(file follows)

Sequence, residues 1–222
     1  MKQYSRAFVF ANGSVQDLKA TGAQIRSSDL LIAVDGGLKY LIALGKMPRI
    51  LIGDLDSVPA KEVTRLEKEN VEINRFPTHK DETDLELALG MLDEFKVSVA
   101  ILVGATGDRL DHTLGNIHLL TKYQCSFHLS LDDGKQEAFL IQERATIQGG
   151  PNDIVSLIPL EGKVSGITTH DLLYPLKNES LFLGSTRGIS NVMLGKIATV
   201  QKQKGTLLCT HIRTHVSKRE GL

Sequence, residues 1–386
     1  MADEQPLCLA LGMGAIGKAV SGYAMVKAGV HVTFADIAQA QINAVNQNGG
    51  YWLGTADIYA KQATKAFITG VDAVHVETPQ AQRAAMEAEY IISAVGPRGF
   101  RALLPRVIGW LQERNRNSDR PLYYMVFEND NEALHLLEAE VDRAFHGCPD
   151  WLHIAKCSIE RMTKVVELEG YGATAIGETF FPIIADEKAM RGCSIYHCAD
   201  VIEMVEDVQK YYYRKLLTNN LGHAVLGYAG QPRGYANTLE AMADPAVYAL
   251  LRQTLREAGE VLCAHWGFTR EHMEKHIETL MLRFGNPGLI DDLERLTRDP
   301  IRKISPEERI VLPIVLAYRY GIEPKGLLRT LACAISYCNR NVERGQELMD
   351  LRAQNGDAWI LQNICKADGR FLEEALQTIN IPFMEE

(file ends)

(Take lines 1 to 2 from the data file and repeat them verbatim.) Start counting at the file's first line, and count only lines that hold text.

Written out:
Sequence, residues 1–222
     1  MKQYSRAFVF ANGSVQDLKA TGAQIRSSDL LIAVDGGLKY LIALGKMPRI